The amount of waste on the move is increasing rapidly. Reports to the Basel Convention on the Control of Transboundary Movements of Hazardous Wastes and their Disposal suggest that between 1993 and 2001 the amount of waste crisscrossing the globe increased from 2 million tonnes to more than 8.5 million tonnes. What is this material that is being traded between countries, where is it from and where is it going? Unfortunately data on waste movements are incomplete – not all countries report waste movements to the Basel Convention. However, we do know that the movement of waste is big business.
Well travelled waste
Waste, including extremely hazardous waste like radioactive material, toxic heavy metals and poisonous PCBs are routinely being loaded into trucks, and transported across continents. Some is loaded onto ships and exported to other countries. Often the waste is being sent for recycling but some is just dumped. Between 1993 and 1999, 122 countries reported nearly 30 000 waste exports. During this period Germany was the top exporter (nearly 7 million tonnes) and France was the leading importer (just over 3 million tonnes).
Approximately 75% of the total volume of waste is traded between developed countries (OECD members). At the second conference of the parties to the Basel Convention, Parties adopted a ban on the export of hazardous waste for final disposal from OECD countries to non-OECD countries (which has not entered into force). The shipment of wastes intended for reuse or recycling is currently negotiated between individual countries, ensuring that OECD countries can still export hazardous material for this purpose to non-OECD countries.
What is being traded?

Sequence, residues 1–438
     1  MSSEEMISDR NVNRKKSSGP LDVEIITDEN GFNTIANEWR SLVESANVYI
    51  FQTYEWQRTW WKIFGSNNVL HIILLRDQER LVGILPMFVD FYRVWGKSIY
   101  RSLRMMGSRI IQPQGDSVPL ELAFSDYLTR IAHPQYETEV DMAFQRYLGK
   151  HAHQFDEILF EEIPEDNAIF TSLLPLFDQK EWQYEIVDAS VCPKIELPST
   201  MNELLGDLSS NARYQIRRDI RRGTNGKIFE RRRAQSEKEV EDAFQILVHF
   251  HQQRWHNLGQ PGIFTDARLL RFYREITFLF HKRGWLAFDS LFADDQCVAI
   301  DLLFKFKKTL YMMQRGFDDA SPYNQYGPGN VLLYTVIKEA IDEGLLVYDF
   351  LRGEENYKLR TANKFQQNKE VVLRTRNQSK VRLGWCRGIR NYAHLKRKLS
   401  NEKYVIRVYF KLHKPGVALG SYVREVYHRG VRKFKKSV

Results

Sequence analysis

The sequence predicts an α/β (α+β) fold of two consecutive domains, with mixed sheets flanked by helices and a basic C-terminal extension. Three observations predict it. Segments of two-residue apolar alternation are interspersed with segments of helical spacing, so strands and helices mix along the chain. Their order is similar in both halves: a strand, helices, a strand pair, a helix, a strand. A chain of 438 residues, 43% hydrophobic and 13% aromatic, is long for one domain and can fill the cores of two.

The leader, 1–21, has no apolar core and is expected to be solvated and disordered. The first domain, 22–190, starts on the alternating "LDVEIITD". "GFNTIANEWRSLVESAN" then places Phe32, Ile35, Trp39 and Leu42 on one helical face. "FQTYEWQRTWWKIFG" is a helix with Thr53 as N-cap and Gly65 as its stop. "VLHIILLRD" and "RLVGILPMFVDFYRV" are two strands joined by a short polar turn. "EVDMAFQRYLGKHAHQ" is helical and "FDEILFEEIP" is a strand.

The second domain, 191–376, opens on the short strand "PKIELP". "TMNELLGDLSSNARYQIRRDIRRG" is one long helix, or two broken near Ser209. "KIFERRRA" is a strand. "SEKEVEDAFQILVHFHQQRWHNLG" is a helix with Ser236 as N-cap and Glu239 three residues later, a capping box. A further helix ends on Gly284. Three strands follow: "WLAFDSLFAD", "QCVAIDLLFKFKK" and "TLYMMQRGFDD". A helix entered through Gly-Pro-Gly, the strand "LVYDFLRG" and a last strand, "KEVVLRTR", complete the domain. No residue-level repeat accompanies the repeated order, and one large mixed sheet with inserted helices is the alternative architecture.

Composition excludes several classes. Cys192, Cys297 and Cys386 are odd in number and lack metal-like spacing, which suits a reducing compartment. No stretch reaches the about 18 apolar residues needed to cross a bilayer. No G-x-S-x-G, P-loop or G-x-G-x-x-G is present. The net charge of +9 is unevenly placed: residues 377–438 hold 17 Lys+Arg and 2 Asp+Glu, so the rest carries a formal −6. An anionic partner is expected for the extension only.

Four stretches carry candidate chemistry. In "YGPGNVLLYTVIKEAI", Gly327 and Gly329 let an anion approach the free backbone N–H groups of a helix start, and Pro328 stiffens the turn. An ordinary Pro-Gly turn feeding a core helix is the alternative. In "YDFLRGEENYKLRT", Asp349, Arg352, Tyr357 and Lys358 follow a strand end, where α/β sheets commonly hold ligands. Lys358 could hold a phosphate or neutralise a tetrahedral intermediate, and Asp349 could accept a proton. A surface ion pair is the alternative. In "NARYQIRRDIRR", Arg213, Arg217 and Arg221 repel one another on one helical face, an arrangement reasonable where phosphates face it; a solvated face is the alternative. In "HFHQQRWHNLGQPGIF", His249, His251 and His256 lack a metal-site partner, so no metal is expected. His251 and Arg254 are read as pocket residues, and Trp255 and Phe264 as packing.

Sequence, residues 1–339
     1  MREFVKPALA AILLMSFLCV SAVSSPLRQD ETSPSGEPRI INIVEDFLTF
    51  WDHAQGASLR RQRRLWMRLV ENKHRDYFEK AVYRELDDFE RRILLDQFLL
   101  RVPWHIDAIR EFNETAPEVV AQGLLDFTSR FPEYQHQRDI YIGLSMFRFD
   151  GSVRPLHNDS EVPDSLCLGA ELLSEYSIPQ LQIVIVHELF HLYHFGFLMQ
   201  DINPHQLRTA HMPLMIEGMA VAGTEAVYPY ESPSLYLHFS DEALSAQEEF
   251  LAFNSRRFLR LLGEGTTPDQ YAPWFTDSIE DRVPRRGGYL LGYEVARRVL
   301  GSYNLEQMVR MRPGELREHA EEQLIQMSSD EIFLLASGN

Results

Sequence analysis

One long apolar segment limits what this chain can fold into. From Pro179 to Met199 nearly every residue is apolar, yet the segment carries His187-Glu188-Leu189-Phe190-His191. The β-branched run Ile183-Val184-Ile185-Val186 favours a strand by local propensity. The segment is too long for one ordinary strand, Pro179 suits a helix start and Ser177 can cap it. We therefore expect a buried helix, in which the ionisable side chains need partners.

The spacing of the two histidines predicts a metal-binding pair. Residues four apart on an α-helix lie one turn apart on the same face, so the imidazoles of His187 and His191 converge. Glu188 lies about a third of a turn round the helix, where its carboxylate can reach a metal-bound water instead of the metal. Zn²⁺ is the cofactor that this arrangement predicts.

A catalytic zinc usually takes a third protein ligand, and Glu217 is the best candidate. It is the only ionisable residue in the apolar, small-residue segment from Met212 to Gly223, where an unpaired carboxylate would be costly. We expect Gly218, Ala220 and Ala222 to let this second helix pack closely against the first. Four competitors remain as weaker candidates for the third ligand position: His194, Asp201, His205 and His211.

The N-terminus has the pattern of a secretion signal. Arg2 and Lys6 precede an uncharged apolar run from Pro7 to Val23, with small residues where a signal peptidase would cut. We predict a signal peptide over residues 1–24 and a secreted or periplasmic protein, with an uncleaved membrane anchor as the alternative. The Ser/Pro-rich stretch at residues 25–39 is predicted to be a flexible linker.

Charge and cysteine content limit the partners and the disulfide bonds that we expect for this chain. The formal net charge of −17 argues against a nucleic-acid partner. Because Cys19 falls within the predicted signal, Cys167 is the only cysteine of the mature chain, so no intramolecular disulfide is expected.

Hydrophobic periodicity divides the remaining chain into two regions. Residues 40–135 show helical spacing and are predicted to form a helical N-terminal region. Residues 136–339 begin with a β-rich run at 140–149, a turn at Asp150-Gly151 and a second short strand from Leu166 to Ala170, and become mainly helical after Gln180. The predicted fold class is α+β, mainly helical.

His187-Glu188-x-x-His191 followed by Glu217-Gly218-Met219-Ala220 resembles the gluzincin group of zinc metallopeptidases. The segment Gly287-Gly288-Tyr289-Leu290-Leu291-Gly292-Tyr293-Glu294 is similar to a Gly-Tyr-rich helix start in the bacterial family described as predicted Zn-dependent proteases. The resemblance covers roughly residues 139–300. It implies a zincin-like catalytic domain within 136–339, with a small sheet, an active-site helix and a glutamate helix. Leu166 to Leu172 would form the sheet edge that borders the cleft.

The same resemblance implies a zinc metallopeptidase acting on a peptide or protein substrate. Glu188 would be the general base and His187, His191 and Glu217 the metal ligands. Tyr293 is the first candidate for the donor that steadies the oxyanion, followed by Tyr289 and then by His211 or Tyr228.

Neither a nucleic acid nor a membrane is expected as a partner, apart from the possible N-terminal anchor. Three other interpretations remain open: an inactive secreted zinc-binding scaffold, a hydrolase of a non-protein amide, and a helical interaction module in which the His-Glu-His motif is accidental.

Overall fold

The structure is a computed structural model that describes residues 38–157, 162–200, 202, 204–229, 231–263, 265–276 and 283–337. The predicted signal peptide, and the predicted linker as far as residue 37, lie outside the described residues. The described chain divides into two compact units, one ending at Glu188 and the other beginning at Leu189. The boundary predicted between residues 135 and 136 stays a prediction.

According to the Basel Convention reports, of more than 300 million tonnes of waste (including hazardous and other waste) generated worldwide in 2000, a little less that 2% was exported. However 90% of the exported waste was classified as hazardous. The principal waste export by volume was lead and lead compounds bound for recycling.
Transport of radioactive waste
Over 50 countries currently have spent fuel stored in temporary locations, awaiting reprocessing or disposal. Major commercial reprocessing plants operate in France, the United Kingdom, and Russian Federation with a capacity of some 5000 tonnes per year. Countries like Japan have sent 140 shipments of spent fuel for reprocessing to Europe since 1979. In October 2004 France took possession of 660 kilograms of weapons-grade plutonium from the United States for reprocessing into fuel. Two ships carried the radioactive material from South Carolina to the French port of Cherbourg. It was then loaded onto lorries and driven 18 km to La Hague for the first stage of reprocessing. It is currently at a plant in the south-east France and is expected to be transported back to the United States in 2005. While reprocessing is an option, others are looking for disposal sites for their nuclear waste. For example the Taiwan Power Company (Taipower) has been negotiating since 1997 to dispose of low-level nuclear waste at a site in North Korea – something that alarms many in the rest of the world. Problems with the environmental safety of the site offered by the North Koreans have slowed progress on the deal.